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Q From Dean Ogle, Canada: The word bumf or bumpf refers to obvious or blatant propaganda, usually issued by a government, an organization or a large company, especially when you disagree with the content. Where does this come from?

A It’s an expressive and pithy word for all the dross that comes in the mail. It’s even more appropriate when you know where it comes from.

It was originally British English, possibly public school slang, at least according to Barrère and Leland’s Dictionary of Slang of 1889. From there it dispersed to other parts of the former British Empire, but it is less well known in the US, I believe.

Its source is usually taken to be the much older bum-fodder. The sense was the one that you give, of useless or tedious printed information or documents — material whose only conceivable use was to be torn up, hung up on a nail in the privy and used as toilet paper. The full term was first recorded in the period of the Commonwealth in Britain, about 1650 — I remember seeing a political pamphlet of about that date which uses the word in its title. Its first recorded appearance is in 1651, in the first volume of Sir Thomas Urquhart’s translation of the works of Rabelais. According to the Oxford English Dictionary, it was probably derived from the classical Latin anitergium, arse-wiper.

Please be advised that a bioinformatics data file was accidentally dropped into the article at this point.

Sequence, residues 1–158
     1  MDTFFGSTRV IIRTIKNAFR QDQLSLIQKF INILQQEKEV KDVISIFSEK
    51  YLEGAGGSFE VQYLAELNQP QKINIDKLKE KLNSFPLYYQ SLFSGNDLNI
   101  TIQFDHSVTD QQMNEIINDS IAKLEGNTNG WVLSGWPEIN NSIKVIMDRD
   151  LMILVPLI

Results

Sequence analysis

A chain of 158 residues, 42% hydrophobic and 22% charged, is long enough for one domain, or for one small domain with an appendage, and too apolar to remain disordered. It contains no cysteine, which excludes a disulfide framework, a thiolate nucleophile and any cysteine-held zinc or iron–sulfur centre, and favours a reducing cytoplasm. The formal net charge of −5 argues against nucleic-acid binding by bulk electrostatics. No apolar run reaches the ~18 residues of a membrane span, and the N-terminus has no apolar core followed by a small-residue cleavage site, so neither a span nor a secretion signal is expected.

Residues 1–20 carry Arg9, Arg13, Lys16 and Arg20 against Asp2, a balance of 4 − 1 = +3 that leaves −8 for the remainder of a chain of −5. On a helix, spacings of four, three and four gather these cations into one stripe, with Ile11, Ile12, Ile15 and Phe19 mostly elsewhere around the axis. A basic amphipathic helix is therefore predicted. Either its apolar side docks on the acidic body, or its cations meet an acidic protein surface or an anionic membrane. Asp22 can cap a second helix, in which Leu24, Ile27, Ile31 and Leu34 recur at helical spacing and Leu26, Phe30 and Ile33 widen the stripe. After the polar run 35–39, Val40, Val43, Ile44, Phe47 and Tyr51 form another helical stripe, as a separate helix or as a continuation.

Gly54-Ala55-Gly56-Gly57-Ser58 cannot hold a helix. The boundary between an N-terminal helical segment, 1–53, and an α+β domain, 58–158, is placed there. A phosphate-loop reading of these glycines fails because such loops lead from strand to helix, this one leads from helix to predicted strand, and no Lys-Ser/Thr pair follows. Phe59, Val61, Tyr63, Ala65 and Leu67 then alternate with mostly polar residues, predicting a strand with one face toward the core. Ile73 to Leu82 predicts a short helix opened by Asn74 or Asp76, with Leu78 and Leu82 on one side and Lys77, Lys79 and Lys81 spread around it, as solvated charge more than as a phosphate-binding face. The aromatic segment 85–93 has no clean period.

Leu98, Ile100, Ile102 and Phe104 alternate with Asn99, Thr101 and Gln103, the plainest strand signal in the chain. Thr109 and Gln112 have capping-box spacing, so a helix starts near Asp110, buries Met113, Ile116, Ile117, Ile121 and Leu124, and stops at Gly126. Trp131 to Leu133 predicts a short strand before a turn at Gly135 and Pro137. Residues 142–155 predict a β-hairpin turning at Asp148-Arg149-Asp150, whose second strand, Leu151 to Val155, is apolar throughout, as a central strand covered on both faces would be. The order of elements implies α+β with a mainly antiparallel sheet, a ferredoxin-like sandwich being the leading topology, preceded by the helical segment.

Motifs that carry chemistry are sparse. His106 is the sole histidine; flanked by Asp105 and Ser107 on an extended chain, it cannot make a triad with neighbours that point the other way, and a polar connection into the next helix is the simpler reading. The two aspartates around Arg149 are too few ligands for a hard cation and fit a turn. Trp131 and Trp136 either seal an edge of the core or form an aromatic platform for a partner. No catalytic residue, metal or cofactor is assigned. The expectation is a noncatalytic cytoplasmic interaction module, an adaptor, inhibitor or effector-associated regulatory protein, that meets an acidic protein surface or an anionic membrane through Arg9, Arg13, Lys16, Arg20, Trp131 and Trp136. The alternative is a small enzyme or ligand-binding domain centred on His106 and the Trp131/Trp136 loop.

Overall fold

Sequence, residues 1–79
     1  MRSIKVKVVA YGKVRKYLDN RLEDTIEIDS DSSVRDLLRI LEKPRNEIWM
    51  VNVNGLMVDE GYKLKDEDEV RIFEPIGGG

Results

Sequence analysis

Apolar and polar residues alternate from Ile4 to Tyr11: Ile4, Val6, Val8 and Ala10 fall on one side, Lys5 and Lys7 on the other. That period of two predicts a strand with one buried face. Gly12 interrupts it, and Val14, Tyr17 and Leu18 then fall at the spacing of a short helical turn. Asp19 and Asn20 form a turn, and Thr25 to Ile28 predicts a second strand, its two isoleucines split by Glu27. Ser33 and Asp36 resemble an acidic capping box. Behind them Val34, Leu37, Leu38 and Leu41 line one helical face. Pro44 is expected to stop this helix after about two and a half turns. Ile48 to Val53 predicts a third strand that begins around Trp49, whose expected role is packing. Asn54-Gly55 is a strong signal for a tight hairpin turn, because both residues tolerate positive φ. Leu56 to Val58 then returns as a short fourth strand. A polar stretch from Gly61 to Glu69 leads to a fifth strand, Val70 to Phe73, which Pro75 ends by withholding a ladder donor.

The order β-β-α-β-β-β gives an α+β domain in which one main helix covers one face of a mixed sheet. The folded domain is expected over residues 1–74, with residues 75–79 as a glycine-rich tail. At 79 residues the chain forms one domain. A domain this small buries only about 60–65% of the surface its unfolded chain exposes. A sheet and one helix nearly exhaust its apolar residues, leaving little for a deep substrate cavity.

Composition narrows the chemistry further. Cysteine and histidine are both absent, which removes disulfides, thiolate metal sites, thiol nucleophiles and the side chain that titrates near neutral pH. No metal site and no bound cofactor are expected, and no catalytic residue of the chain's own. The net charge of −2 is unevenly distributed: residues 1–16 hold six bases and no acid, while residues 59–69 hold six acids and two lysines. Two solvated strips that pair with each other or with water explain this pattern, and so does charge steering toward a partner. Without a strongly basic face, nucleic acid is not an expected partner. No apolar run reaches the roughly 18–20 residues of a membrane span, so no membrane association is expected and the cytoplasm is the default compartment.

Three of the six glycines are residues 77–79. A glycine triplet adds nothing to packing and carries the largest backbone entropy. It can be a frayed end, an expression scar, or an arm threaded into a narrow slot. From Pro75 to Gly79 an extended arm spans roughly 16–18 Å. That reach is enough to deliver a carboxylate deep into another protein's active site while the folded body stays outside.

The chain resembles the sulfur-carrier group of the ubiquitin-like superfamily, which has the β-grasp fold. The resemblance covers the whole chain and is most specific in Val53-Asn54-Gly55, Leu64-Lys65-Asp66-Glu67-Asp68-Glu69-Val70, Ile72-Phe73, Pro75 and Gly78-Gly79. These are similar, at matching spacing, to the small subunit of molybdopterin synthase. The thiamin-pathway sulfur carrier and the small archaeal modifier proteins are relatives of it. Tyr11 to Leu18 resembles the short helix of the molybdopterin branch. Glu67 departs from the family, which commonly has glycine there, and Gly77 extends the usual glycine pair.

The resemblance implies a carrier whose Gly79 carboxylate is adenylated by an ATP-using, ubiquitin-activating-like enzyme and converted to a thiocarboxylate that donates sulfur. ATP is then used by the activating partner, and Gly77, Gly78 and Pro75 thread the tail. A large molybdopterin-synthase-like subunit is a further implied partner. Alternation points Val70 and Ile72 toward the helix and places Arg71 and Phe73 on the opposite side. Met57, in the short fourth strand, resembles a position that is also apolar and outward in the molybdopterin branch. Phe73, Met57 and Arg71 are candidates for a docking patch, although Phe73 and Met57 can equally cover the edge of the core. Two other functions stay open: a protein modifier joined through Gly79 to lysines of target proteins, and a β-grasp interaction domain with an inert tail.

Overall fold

The slang abbreviation bumf originally had a literal sense of toilet paper, but quickly shifted its meaning back to the original. The usual spelling is bumf but bumph is not unknown.

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Copyright © Michael Quinion, 1996–. All rights reserved.
Page created 9 Jun. 2001

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The English language is forever changing. New words appear; old ones fall out of use or alter their meanings. World Wide Words tries to record at least a part of this shifting wordscape by featuring new words, word histories, words in the news, and the curiosities of native English speech.

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Last modified: 9 June 2001.